Last Friday I talked about the importance of how you do things in regards to decision making.
So here is my approach to writing a book. I’m currently working on a project which will turn into a book on the mastermind.
This is a very important project; I’d love to serve more leaders.
What if I was able to scale our leadership community from 60 to 600? A book is a great way to spread the message to leaders who currently don’t know my work from the podcast.
My approach to this second book is the same as my first book.
Here is my process:
- pick a topic.
- draft an outline
- write for an hour each day
- keep score of your execution
- do your work in public
- tell others that you are doing it (so you can’t hide)
I like to pick creative titles so the reader is engaged on our journey through the book.
May I whet your appetite? Here is the outline for chapter 1 and 2 of my new project.
Chapter 1: Why Now?
- The role: A riff on the complexity and challenges of the principalship.
- Leaders need psychological safety: What districts don’t provide and can’t provide.
- Evolution as a mental model: Adapt or die.
- Missed targets and outgrowing district offerings: Districts love to talk about leadership development but do they truly support it? And when they do, what happens when the “A” players outgrow what the district can offer?
- Oxygen masks and mirror moments: Two hurdles that all leaders must pass to join the mastermind.
- Great investments: Research on developing leadership capactity.
- Isolation is the enemy of excellence: We know that two heads are better than one. Then why do so many leaders operate in isolation?
- Our Why: Everyone wins when a leader gets better. Everyone wins when you get better.
- Our Community: Meet the tribe.
- Mastermind Anecdote
Chapter 2: History of the Mastermind
- What successful people do: learn from mistakes and rely on the knowledge and experience of others.
- Napoleon (not the little man)
- The Lost Generation: How artists in Paris during the 1920s changed art.
- The Solvay Conference: What happens when you combine Einstein, Bohr, and Curie.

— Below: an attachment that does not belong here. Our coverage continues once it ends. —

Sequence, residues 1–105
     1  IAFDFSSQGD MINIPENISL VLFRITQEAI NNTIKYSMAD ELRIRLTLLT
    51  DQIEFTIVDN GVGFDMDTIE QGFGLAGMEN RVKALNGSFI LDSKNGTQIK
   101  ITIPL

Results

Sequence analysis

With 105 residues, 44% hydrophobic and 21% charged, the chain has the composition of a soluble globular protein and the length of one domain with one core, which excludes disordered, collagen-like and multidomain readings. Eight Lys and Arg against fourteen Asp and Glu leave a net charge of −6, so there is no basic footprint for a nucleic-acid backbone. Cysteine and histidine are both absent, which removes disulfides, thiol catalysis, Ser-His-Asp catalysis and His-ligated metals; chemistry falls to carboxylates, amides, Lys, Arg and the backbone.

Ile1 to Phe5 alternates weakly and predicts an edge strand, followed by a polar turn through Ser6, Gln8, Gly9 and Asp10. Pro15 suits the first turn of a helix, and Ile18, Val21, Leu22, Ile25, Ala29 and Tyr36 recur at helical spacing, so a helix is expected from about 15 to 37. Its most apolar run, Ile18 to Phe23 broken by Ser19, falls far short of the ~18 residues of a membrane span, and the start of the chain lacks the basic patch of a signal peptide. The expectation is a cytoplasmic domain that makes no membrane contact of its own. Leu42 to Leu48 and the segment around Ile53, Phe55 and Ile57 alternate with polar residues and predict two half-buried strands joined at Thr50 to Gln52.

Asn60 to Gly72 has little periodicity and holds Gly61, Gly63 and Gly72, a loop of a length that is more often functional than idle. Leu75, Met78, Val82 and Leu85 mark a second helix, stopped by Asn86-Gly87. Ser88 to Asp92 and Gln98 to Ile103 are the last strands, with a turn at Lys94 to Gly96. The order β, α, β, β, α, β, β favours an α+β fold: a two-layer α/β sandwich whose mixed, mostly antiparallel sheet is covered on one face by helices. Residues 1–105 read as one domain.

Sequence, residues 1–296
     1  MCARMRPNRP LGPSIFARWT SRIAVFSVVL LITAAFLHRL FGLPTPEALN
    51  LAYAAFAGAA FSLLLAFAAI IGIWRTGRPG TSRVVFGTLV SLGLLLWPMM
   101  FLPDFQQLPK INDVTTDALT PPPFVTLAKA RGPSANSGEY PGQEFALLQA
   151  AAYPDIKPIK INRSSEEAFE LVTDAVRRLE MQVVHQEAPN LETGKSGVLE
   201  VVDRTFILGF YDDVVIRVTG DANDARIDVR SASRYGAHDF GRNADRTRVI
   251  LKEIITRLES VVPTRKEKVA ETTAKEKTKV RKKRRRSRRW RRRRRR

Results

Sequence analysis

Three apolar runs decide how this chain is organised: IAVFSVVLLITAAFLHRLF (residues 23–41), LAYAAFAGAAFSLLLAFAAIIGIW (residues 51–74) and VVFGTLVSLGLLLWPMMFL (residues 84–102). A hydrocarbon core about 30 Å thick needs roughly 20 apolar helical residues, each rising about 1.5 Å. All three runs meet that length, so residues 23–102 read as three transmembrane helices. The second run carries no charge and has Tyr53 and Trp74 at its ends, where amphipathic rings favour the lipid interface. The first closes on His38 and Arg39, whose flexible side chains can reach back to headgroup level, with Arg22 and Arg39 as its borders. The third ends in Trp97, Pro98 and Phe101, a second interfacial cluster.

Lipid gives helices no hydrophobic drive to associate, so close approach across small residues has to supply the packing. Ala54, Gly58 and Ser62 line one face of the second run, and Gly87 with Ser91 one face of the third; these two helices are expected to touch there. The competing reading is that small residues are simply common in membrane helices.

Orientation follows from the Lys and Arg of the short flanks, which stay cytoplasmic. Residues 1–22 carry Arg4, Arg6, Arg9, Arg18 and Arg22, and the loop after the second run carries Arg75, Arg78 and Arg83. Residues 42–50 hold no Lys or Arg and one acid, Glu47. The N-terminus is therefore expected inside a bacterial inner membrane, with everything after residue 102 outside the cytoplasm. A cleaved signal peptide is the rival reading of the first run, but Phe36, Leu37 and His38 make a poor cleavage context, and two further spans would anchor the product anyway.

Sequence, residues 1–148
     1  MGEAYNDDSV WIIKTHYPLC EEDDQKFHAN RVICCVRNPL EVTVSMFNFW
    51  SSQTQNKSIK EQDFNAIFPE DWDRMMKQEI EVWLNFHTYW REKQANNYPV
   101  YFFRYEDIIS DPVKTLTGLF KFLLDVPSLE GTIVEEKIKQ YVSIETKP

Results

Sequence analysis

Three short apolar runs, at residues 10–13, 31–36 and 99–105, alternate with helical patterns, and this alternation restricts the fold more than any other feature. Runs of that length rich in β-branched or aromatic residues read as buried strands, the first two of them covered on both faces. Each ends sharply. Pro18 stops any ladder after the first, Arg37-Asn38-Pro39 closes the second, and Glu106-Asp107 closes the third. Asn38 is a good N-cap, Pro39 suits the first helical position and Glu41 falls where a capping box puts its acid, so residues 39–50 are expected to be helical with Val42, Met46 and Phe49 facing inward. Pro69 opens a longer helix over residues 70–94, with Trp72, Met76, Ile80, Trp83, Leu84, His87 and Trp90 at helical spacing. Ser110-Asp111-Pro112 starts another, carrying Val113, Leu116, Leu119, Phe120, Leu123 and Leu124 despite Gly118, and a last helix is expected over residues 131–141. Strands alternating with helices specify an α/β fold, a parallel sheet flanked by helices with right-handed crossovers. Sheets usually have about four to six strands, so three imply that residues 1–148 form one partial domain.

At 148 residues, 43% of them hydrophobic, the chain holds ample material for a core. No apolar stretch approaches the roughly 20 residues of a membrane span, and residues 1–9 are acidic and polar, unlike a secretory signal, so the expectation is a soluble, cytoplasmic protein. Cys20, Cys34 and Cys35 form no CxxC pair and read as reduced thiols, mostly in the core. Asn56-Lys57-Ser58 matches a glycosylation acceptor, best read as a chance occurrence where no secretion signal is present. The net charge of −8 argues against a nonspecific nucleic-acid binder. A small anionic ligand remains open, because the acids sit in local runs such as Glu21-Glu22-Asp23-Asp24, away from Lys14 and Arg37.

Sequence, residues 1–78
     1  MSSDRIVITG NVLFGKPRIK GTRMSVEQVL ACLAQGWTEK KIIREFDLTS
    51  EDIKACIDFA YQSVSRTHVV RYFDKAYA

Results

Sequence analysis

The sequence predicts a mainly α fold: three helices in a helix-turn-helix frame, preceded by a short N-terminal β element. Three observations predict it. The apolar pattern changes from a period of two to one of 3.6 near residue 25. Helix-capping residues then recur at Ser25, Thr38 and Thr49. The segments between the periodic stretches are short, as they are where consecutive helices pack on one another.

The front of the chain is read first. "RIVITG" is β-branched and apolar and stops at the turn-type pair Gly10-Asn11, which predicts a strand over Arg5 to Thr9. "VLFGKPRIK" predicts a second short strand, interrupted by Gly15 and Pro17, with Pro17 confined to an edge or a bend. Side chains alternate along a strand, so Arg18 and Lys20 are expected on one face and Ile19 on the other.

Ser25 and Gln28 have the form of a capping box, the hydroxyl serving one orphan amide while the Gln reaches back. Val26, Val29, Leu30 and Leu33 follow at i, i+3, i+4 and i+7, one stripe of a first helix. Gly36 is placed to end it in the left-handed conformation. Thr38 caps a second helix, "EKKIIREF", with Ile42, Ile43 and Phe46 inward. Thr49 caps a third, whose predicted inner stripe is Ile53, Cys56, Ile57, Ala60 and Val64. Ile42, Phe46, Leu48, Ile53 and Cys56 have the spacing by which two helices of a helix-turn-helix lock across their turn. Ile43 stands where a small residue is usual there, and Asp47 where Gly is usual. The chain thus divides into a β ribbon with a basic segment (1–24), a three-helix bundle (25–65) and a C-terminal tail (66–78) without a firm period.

- Aaron Walker: My mentor’s experience in masterminds.
- Joining ISI: Why I joined a mastermind.
- Growth in ISI: How I grew personally and professionally in the Iron Sharpens Iron mastermind.
- Hello from Australia (Clayton’s story): Making friends in Australia.
- 你好 (Hello from China): Connecting with a leader in China.
- Mastermind Anecdote
I’m sure the end product will look much different, but this is a start. It also gives me a path for writing. The Better Leaders Better Schools Roadmap was written using this approach and I completed a 47,000-word first draft in less than 3-months.
How is that possible? Trust the process.
I new the direction I wanted to go.
I wrote each day for one hour — no more, no less. That idea is called the “20 Mile March” and was described by Jim Collins in his book Great by Choice.
Finally, I kept score each day. I either wrote for an hour or did not. If I execute on my most significant tasks each day, then I will accomplish my biggest goals. I’ve learned that a monthly score of 80% or better equals success.
Writing a book is an overwhelming undertaking, but it need not be.
I have outlined 159 topics across 13 chapters. Writing 45,000+ words (or 100+ pages) seems like a Herculean task. When I think of 159 topics as one-page stories, it is much more doable.
My goal is to write a few stories a day for an hour.
Before I know it, my second book will be done.